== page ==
On the way to bed and I hear a noise … 22 men women and children dead in city I love

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Last night’s terror attack was an ‘evil act’ against children and their families, the mayor of Manchester has said.

‘It is hard to believe what has happened here, and to put into words the shock, anger, and hurt that we feel today,’ Mr Andy Burnham, said. ‘This was an evil act.

‘These were children, young people and their families that those responsible chose to terrorise and kill.’

Twenty-two people, including children and parents, have been confirmed dead after the attack at an Ariana Grande concert at the Manchester Arena.

Mr Burnham said Manchester would do what it could to operate as usual.

He offered his support to the families of the victims, and paid tribute to locals who had opened their doors to strangers and offered shelter to those fleeing the Manchester Arena and evacuated areas.

Consumerwatchfoundation.com writer Dorrie Jane Bridge who lives three miles away from the arena tells here how she heard the horror begin to unfold.

Dorrie writes: I live about three or four miles from the Manchester Arena which is virtually built on top of Victoria Railway Station.   On my way to bed at about 10.45 last night I heard a noise.  It could have been a car backfiring or several car doors being slammed hard. I switched on my local radio as I usually do and within minutes the presenter interrupted his phone-in programme to report ‘a bang’ in Manchester Arena, no more was then known. This then built up little by little as Alan Beswick reported every additional item of news as it came in.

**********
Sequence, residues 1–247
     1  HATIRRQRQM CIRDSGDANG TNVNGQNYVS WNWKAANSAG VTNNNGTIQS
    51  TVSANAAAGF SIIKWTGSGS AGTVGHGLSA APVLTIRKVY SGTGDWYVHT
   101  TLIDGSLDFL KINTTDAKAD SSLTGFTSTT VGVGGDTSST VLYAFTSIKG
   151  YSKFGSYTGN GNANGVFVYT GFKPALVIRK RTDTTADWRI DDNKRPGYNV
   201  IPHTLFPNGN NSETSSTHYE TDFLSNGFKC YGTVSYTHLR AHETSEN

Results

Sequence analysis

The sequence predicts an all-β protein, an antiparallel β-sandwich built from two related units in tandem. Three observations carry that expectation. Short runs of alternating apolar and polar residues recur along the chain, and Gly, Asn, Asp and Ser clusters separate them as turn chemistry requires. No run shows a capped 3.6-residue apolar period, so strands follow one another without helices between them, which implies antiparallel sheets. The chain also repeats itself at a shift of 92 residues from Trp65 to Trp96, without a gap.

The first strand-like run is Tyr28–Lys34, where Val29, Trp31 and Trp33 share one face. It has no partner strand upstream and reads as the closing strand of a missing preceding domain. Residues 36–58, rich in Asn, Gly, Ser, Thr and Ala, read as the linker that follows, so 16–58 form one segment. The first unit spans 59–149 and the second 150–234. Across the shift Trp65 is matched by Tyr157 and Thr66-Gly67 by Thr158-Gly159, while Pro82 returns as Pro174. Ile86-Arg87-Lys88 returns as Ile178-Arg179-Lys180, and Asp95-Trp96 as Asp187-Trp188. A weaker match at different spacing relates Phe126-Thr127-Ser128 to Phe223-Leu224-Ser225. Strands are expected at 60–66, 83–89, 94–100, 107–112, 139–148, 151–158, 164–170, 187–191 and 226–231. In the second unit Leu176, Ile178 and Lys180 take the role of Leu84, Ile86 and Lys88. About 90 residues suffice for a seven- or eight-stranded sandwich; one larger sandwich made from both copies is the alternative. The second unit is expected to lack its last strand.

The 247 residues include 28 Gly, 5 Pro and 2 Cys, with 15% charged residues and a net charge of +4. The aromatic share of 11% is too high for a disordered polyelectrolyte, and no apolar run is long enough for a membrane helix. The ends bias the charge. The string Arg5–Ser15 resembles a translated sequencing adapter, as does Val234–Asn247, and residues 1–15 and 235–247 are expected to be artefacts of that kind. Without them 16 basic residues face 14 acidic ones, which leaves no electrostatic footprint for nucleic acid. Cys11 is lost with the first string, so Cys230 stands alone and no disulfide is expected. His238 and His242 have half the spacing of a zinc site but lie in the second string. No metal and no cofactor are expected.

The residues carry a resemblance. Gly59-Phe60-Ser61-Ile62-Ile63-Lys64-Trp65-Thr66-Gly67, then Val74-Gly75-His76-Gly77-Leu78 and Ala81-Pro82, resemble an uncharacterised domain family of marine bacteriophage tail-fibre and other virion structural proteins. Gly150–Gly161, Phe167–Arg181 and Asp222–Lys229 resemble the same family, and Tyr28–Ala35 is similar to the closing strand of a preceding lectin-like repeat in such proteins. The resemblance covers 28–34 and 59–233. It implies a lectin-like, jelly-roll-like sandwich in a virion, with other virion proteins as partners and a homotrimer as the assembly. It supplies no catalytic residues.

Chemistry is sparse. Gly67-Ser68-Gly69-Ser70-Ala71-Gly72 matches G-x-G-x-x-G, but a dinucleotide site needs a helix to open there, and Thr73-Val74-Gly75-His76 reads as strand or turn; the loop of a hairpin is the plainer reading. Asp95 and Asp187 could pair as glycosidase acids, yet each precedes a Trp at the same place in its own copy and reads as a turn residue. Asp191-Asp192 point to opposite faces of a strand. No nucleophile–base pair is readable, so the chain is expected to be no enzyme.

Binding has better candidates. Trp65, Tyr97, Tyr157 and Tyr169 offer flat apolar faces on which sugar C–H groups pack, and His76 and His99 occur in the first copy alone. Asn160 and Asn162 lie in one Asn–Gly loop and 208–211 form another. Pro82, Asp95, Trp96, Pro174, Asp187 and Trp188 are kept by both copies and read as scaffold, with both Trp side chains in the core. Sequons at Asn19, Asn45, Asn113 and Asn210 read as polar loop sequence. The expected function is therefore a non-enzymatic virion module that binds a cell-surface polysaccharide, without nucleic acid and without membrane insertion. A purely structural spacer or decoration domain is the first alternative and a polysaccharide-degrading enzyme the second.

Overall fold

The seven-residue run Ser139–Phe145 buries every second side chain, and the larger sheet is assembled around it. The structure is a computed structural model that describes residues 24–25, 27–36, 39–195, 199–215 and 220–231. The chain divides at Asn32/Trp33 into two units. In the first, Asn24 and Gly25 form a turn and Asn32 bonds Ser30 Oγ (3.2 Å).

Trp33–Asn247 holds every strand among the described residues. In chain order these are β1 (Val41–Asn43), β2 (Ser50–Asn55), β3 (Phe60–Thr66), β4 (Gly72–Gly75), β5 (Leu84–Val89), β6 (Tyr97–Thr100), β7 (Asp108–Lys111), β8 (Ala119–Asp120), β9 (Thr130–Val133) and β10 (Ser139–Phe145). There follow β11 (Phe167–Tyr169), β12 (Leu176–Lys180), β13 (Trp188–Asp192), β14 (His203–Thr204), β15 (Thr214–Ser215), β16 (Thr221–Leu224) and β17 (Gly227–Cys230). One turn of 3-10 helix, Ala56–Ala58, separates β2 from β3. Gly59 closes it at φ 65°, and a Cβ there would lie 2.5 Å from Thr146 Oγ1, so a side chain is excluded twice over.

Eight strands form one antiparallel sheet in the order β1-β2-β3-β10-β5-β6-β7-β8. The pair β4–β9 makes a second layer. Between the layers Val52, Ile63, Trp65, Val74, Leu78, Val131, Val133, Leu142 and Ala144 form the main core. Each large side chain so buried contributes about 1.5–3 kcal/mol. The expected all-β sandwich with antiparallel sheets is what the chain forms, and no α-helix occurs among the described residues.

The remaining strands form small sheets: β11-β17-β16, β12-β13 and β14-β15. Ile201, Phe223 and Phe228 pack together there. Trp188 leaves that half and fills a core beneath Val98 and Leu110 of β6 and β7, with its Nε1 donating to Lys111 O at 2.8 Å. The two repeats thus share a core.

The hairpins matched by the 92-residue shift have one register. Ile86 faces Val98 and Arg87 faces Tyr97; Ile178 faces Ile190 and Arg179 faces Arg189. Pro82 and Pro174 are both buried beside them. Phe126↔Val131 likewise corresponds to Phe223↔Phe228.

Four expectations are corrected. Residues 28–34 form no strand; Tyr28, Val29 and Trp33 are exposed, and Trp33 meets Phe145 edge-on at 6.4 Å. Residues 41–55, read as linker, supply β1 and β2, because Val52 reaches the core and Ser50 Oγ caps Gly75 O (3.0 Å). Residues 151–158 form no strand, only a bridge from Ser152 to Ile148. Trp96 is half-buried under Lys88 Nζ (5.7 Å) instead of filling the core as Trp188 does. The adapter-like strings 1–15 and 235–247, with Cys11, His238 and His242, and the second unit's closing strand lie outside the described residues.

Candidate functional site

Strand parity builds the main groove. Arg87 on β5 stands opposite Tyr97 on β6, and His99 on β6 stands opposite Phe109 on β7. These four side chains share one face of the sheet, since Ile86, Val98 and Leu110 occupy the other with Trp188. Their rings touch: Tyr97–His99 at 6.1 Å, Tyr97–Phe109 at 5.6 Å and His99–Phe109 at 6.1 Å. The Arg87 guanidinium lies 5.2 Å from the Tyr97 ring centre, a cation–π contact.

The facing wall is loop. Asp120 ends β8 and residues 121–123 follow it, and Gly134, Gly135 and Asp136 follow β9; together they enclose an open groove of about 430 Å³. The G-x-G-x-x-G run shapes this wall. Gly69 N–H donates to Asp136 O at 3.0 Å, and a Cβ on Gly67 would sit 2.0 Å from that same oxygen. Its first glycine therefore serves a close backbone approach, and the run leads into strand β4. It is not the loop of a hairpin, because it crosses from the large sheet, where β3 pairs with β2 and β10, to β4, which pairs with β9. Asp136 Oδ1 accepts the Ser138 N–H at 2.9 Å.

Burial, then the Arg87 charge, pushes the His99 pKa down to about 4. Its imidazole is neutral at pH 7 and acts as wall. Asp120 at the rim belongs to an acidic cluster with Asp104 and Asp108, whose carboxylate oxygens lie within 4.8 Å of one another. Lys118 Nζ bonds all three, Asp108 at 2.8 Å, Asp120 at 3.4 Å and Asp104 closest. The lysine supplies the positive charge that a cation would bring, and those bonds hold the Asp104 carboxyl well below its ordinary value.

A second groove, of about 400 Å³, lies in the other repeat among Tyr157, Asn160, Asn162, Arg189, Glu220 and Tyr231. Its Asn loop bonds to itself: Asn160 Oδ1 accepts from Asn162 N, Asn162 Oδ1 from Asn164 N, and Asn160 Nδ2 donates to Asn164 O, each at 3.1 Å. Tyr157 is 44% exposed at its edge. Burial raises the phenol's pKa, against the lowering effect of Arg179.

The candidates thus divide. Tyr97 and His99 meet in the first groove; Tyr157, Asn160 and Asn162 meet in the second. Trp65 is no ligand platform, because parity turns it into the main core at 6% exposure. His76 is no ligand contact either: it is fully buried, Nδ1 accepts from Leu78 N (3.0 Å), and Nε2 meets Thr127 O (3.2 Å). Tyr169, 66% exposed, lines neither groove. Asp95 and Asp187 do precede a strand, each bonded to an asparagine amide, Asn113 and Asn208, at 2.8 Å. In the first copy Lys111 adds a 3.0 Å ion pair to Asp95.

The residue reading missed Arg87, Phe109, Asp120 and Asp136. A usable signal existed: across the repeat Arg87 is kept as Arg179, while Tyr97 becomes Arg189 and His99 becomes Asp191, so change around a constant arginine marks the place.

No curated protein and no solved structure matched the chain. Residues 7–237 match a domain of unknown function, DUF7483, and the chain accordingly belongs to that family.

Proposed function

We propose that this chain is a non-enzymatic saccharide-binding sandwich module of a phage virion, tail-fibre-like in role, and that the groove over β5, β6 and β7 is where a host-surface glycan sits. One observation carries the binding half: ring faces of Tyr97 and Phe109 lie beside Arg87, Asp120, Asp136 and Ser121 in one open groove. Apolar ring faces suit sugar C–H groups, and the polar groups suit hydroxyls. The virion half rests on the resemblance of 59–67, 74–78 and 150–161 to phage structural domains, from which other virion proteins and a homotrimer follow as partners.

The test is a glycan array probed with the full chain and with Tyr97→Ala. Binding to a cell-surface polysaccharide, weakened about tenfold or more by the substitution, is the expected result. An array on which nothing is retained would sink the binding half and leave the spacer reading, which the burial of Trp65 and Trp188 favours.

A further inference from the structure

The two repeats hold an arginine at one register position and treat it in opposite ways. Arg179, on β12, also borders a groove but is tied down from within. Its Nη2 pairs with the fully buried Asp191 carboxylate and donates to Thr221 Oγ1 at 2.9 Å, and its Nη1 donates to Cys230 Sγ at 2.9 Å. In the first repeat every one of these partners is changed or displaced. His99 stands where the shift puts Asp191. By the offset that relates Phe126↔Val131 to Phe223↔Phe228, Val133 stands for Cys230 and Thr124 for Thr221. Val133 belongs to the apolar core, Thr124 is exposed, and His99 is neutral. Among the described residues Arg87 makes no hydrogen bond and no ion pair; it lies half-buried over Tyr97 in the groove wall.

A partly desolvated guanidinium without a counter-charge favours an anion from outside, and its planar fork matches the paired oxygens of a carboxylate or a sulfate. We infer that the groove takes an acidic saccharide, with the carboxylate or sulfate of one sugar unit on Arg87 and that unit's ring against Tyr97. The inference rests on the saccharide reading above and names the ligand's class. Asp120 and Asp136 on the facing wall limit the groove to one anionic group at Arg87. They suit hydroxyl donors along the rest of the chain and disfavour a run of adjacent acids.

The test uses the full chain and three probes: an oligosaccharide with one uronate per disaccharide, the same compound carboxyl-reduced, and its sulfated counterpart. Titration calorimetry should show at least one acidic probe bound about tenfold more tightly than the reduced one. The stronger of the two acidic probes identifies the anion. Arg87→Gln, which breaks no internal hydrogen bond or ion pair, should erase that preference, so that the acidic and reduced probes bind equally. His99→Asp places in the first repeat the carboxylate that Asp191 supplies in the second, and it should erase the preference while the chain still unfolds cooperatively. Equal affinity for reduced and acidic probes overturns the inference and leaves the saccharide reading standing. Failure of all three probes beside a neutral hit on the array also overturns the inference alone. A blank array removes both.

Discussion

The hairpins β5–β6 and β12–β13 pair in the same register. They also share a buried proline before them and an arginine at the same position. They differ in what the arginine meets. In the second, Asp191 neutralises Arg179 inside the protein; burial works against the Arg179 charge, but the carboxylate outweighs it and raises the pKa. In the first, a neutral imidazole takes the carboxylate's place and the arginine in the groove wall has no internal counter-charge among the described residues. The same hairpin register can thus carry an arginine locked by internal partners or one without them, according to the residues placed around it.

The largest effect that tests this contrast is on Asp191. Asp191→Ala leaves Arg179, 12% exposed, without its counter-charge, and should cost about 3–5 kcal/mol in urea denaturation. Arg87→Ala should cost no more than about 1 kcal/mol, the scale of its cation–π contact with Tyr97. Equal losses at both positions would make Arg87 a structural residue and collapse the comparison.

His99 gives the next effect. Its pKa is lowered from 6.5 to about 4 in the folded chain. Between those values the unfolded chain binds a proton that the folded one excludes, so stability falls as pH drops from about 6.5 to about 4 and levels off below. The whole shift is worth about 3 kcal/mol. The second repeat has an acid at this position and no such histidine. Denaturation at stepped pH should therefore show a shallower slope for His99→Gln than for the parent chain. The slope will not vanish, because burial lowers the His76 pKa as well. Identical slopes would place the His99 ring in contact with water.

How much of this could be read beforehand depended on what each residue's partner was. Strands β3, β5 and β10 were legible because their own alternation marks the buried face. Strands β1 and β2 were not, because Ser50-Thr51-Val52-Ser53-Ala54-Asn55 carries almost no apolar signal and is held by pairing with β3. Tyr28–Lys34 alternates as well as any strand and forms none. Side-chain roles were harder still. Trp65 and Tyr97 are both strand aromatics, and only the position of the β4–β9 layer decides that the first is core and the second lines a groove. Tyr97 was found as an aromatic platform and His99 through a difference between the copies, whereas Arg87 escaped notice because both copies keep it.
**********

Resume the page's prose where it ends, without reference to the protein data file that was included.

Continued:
Yes, I lived through World War 11, and after all these years I remember the warm, loving neighbours who came together like one big family.   Day and night our parents came together in the air raid shelters, in the queues for food, on the streets as Air Raid Wardens or ‘Dad’s Army’ and comforting those whose sons and daughters died fighting for their country. 

When the IRA planted a bomb in the middle of Manchester I heard the blast here, saw the helicopters warning us to stay away from the city centre.

My granddaughter who was studying for a degree was working at Marks and Spencer and was due to go on shift at the almost precise time of the explosion.  I managed to stop her with frantic phone calls. Whether I heard the explosion last night I can’t be sure.   The IRA didn’t daunt Manchester; it was re-built with pride – and nobody was badly injured miraculously.

Today we hear that 22 people, some children are dead and many more injured, some seriously.  Nobody at this point has claimed responsibility but reports say this was a suicide bomber.

It doesn’t matter whether it was a terrorist attack organized by extremists, or a ‘lone wolf’, an individual with mental illness, or a person full of evil.  It doesn’t matter if it was a person who was a mixture of all those motivations.  What matters is that innocent people have once again lost their life.

What matters is, that once again Manchester has come together in a spirit of caring and love.   Whilst people all over the world have this total resolve that they will not be overcome by evil, there is hope for us all.

Dorrie Jane Bridge

Dorrie is a former educationalist with a major interest in politics … she writes our Grey Pride section.

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